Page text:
The Adventist Review shares the following world news from Religion News Service as a service to readers. Opinions expressed in these reports do not necessarily reflect the opinions of the Review or the Seventh-day Adventist Church. -- Editors
Report Says Pentagon Erred
in Allowing Christian Video
igh-ranking Army and Air Force personnel violated military regulations when they participated in a promotional video for a private evangelical organization, according to a report by the Pentagon's Office of Inspector General.
A Pentagon spokesman said August 6 it would be up to the Army and Air Force whether to discipline the military brass involved, but said no action is expected against top civilian employees.
The 47-page report, which was released on July 27, found that Air Force Major General Jack Catton, Major General Peter Sutton and a colonel whose name was not disclosed, and three Army officers -- Brigadier General Bob Caslen, Brigadier General Vincent Brooks and a lieutenant colonel, also not identified--were wrong to take part in a fund-raising video for the Arlington, Virginia-based Christian Embassy.
The Christian Embassy is part of the conservative Campus Crusade for Christ International, and sponsors prayer breakfasts and other religious activities for high-ranking federal employees and elected officials. The dispute over the video surfaced last December against a backdrop of complaints that military officials frequently turn a blind eye to improper proselytizing and show preferential treatment toward evangelicals.
"The officers were filmed during the duty day, in uniform with rank clearly displayed, in official and often identifiable Pentagon locations," the report said. "Their remarks conferred approval of and support to Christian Embassy, and the remarks of some officers implied they spoke for a group of senior military leaders rather than just for themselves."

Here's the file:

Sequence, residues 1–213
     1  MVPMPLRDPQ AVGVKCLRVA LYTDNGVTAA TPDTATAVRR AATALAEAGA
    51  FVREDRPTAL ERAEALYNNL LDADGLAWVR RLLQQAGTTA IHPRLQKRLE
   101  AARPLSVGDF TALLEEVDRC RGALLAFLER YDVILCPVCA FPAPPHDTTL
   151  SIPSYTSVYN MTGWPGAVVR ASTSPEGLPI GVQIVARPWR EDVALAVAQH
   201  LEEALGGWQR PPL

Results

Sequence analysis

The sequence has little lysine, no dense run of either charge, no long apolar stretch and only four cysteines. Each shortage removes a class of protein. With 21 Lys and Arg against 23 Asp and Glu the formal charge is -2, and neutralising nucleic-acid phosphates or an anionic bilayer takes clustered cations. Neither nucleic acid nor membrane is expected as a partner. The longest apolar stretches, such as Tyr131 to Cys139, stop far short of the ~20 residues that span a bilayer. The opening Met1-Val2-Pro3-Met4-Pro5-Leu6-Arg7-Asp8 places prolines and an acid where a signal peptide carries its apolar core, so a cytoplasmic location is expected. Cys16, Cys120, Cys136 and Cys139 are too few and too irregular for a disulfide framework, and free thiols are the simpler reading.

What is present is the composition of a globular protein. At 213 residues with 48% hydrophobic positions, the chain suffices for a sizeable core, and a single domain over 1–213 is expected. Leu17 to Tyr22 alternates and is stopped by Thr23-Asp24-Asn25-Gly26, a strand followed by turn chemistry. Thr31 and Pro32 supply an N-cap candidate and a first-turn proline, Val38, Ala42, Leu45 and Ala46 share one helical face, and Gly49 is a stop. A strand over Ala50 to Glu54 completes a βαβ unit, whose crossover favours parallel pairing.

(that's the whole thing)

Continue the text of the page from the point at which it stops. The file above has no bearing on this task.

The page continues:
At one point during the 10-minute video, which was filmed inside the Pentagon in 2005, Caslen refers to the Christian Embassy's special efforts for high-ranking officers through Flag Fellowship groups. He notes that whenever he runs into another fellowship member, "I immediately feel like I am being held accountable because we are the aroma of Jesus Christ."
Catton, from the Air Force, explains in the video that the Christian Embassy helped him become a "director on the joint staff."
"As I meet the people that come into my directorate I tell them right up front who Jack Catton is, and I start with the fact that I'm an old-fashioned American, and my first priority is my faith in God, then my family and then country," Catton says on the video. "I share my faith because it describes who I am."
Catton later told the inspector general's office that he believed the Christian Embassy, which hosts a weekly prayer breakfast at the Pentagon, had become a "quasi-federal entity."
The Military Religious Freedom Foundation, an Albuquerque, New Mexico-based watchdog group founded by retired Air Force attorney Mikey Weinstein, asked the Department of Defense to investigate the video last December. Weinstein expressed disappointment with the report's findings, which he said didn't go far enough to reprimand those involved. "They suggested corrective action and we wanted to see courts martial," he said, adding that his organization planned to file a lawsuit against the Department of Defense.
Study Looks at College Age Church Dropouts
A new study from LifeWay Research reveals that more than two-thirds of young adults who attend a Protestant church for at least a year in high school will stop attending church regularly for at least a year between the ages of 18 and 22.
LifeWay Research conducted the survey of more than 1,000 adults ages 18-30 in April and May. Each indicated they had attended a Protestant church regularly for at least a year in high school.
According to the study, 70 percent of young adults ages 23-30 stopped attending church regularly for at least a year between ages 18-22. In most cases, the decision to leave was not planned far in advance. Only 20 percent of these "church dropouts" agree that while they were attending church regularly in high school they "planned on taking a break from church once [they] finished high school."
Among those who predetermined to leave church, few told anyone about their desire. One reflected, "I just told my parents I didn't like it," rather than sharing an intention to actually leave. Another said, "I kept my feelings secret for fear of losing my friends."